Investigate Which Genes Drive This Variation

Next, they wanted to investigate which genes drive this variation. The researchers performed genome-wide association studies (GWAS) on a subset of the plants that they had characterized. They chose two species, H. annus and H. petiolaris. In H. annus alone, the researchers found a single nucleotide polymorphism (SNP) that was responsible for 62 percent of the variation in floral UV patterns. H. petiolaris didn’t yield such clean results. They detected several genomic regions associated with bullseye size in H. petiolaris subspecies H. petiolaris petiolaris but found no genomic regions associated with bullseye size in subspecies H. petiolaris fallax.

“Finding a single region in the genome that explained so much variation was pretty amazing,” Matthew Koski, a plant biologist at Clemson University who was not involved in the study, tells The Scientist. Koski studies the UV pigmentation of cinquefoil, a flowering plant.

The Influential SNP Is a Transcription Factor Called HaMYB111

In H. annus, the influential SNP is in a transcription factor called HaMYB111, which controls the production of flavonol glycosides. These compounds can absorb UV but also have other key functions, including water retention, limiting transpiration, and reducing damage from oxidative stress. In that way, the connection between the UV patterns and reducing water loss made sense—larger patterns would occur when the plant is pumping out lots of moisture-retaining flavonol glycosides. Still, to be certain of the transcription factor’s influence on petal coloration, the researchers engineered the gene into Arabidopsis thaliana mutants, which lack UV bullseyes. The engineered plants gained bullseyes, showing that HaMYB111 is indeed responsible for producing the bullseye-making glycosides.

“This was an amazing combination of multiple interesting approaches to understanding both the genetic underpinnings of floral pigmentation and the potential adaptive roles,” says Koski, “and in the end, it came together as a really beautiful biological story.”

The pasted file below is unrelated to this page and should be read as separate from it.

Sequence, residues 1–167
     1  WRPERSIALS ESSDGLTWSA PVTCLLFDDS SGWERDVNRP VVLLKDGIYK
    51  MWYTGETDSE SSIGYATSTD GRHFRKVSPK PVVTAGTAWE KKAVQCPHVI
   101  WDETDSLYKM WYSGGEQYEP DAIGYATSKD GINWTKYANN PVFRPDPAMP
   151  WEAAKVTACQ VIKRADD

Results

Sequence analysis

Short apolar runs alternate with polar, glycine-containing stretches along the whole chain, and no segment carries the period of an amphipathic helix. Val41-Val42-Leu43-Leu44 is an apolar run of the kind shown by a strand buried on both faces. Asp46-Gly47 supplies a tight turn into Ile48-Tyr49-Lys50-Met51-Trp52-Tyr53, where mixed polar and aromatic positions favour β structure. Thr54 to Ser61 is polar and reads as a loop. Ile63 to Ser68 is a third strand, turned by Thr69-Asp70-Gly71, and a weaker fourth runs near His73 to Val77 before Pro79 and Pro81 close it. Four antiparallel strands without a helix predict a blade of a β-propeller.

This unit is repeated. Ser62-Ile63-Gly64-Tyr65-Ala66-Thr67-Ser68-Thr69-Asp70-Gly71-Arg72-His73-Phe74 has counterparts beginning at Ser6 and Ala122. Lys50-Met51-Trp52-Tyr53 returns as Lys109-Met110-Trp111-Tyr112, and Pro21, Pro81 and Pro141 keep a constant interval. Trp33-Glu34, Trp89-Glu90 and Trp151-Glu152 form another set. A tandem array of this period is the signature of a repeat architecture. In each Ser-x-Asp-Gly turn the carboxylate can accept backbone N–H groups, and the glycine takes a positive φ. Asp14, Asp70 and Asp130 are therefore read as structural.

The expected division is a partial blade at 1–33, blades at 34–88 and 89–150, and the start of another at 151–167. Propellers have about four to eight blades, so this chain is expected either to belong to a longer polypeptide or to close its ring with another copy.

He says the findings could “absolutely apply to other flowers,” adding that this study and studies like it can potentially give researchers a peek at how plants may respond to climate change. “From a global change standpoint, some regions are going to be experiencing increased aridity, some regions are going to be experiencing decreased aridity, more rainfall. This study might help project how these traits might respond to changes in environmental conditions.”

John Burke, a plant geneticist at the University of Georgia who was not involved in the study but who has previously collaborated with the authors of the paper, agrees. “This is a single trait that potentially influences the sunflowers’ ability to survive or thrive in a given environment. That could have implications for defining range limits of wild species and predicting impacts as the environment is changing,” he says.

Todesco says he hopes the findings will help farmers. Sunflowers are cultivated for various reasons, including sunflower oil, which is a $20 billion industry. Global climate change, he says, will likely disrupt this industry. Studies like this one are important, he adds, because “understanding how crops have [adapted] in the past can provide information on how to make these crops more resilient to what is coming, which is a disruption of agriculture and plants as we know them.” lavenderblueflowers


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